And though authorities in the country only decriminalized the possession of small amounts of the drug in 2015 and gave the green light for the regulation of a local medical cannabis industry, ganja – as it is locally known – has long been regarded as a part of Jamaican culture.
As the demand for the use of the drug for both medicinal and recreational purposes has spiked up, the island nation is experiencing a shortage as a result of last year’s heavy rains, a subsequent extended drought as well as a decline in the number of cultivators and an increase in local consumption, the Associated Press reported. Experts told the news outlet the current shortage and situation is the worst they’ve seen.
“It’s a cultural embarrassment,” Triston Thompson, a chief opportunity explorer for a consulting and brokerage firm for the Caribbean nation’s legal cannabis industry, said.
The situation has largely affected farmers who illegally cultivate the drug, costing them tens of thousands of dollars in losses. The drug’s scarcity on the streets and its current high demand by tourists as well as locals has also led to an increase in its price.
“It [the heavy rains] destroyed everything,” Daneyel Bozra, a marijuana farmer in the Maroon village of Accompong, said.
Another farmer also told the news outlet the COVID-19 pandemic and the safety measures the government put in place to mitigate its spread on the island, has aggravated the situation. According to Kenrick Wallace, the government-imposed 6 p.m. curfew means they cannot visit their farms in the evening to tend to the plants. He also said the lack of roads meant many of them had to walk to their farms and also to get water for the plants.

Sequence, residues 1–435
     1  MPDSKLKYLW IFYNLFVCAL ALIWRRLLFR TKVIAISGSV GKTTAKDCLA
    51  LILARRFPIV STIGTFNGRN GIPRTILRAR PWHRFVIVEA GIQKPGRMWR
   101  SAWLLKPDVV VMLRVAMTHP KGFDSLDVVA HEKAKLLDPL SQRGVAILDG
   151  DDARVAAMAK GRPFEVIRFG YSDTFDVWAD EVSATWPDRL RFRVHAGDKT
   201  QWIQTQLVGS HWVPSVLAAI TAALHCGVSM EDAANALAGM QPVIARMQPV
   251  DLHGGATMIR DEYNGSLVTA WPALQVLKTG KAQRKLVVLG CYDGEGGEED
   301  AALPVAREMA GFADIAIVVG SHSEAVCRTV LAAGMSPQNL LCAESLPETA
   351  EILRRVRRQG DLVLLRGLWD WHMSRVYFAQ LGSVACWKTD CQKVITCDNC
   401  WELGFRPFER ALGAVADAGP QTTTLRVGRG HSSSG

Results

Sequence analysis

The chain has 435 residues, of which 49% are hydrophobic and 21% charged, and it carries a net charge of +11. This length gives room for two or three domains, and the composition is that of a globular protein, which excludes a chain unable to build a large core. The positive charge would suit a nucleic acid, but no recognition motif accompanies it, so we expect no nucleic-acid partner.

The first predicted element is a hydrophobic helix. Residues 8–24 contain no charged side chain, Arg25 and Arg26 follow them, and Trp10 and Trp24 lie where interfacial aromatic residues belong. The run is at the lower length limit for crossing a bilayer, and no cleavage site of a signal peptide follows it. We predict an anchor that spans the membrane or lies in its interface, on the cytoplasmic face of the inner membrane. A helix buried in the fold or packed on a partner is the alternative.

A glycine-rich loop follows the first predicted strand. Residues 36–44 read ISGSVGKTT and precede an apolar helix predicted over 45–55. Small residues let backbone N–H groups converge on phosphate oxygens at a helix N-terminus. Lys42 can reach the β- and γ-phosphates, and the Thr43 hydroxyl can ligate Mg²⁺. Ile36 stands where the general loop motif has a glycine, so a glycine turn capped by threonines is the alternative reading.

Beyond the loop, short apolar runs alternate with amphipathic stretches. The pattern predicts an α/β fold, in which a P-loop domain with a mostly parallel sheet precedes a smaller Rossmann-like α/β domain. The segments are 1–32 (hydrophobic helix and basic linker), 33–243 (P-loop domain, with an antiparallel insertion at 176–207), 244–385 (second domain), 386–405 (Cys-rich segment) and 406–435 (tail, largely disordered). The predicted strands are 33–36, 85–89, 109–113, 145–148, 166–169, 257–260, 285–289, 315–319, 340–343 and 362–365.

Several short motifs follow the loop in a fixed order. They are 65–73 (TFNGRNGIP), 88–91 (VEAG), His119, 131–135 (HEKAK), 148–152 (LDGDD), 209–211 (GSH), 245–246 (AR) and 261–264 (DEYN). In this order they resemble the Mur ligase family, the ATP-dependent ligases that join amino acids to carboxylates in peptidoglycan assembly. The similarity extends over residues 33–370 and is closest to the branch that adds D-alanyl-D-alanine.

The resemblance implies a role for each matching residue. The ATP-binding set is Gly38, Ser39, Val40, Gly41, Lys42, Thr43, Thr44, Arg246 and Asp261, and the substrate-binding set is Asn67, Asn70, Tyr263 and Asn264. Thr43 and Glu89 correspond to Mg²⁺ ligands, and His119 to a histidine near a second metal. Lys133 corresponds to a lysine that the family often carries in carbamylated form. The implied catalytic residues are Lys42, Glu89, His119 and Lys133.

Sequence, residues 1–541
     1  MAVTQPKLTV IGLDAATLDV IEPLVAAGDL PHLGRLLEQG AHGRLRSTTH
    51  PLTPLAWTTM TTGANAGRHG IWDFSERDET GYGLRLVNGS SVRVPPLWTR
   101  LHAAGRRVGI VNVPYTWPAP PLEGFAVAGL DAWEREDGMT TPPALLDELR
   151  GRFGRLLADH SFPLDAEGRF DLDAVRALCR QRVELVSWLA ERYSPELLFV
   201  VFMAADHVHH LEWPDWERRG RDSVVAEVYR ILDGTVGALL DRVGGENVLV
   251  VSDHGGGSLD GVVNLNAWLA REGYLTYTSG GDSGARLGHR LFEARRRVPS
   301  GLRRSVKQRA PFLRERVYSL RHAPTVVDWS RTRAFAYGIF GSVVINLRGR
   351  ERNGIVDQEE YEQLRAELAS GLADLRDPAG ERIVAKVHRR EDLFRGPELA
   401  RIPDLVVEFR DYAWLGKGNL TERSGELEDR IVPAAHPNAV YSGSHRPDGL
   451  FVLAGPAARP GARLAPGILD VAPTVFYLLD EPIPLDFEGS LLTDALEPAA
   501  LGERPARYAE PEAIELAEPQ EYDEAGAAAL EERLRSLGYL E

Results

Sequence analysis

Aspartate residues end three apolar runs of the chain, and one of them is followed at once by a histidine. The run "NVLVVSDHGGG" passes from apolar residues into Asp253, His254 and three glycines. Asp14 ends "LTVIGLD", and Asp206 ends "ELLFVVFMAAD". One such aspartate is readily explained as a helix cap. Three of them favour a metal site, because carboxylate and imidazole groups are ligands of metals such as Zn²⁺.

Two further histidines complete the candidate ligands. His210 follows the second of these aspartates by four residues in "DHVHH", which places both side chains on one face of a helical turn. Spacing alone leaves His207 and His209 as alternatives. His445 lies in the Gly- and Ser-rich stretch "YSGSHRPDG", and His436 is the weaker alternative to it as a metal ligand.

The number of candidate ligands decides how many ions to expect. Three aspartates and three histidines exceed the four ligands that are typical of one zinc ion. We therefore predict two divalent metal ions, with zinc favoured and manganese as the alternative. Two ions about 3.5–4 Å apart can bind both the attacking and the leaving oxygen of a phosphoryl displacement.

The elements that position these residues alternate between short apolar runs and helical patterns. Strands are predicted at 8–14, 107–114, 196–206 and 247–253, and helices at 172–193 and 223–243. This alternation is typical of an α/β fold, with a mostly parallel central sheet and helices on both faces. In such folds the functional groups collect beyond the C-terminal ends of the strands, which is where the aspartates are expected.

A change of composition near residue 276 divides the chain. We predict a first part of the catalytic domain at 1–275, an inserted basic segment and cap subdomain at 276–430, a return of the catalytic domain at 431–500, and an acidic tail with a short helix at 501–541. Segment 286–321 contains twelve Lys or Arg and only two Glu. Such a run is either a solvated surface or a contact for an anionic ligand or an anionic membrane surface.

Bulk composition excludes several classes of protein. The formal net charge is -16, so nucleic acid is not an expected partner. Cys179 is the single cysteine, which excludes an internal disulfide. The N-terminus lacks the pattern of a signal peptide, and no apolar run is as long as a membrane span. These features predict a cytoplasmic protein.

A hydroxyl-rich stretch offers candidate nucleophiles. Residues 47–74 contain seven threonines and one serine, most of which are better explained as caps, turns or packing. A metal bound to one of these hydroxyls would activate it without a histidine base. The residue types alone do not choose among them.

Wallace also revealed he has lost over $18,000 in the last months and has only been able to cultivate 300 pounds as compared to the usual 700 to 800 pounds he and his colleague farmers cultivate on their 2-acre farm.
Activists who spoke to the Associated Press said the current shortage and scarcity is due to the ongoing COVID-19 pandemic and the country’s now relaxed marijuana laws, saying it has led to an increase in local demand and consumption.
“Last year was the worst year. … We’ve never had this amount of loss,” Thompson said. “It’s something so laughable that cannabis is short in Jamaica.”
The situation is also being reportedly laid bare by tourists in search of the scarce drug as they post about its scarcity on travel websites. The CEO of Jamaica’s Ganja Growers and Producers Association, Paul Burke, told the news outlet the stigmatization that was previously attached to the drug is fading out and people are no longer afraid of going to jail. Currently, people caught with up to two ounces are neither criminally charged nor arrested. It only attracts a fine. Citizens are also allowed to grow up to five cannabis plants.
Burke also explained the drop in the number of local farmers was a result of their inability to financially meet the demands required to be able to grow the plant legally, adding that the police are also destroying “good ganja fields.”
Though Jamaica’s Cannabis Licensing Authority said the country’s legal dispensaries haven’t experienced any shortage, activists and farmers told the Associated Press ganja sold at those places cost five to ten times more than what is sold on the streets.
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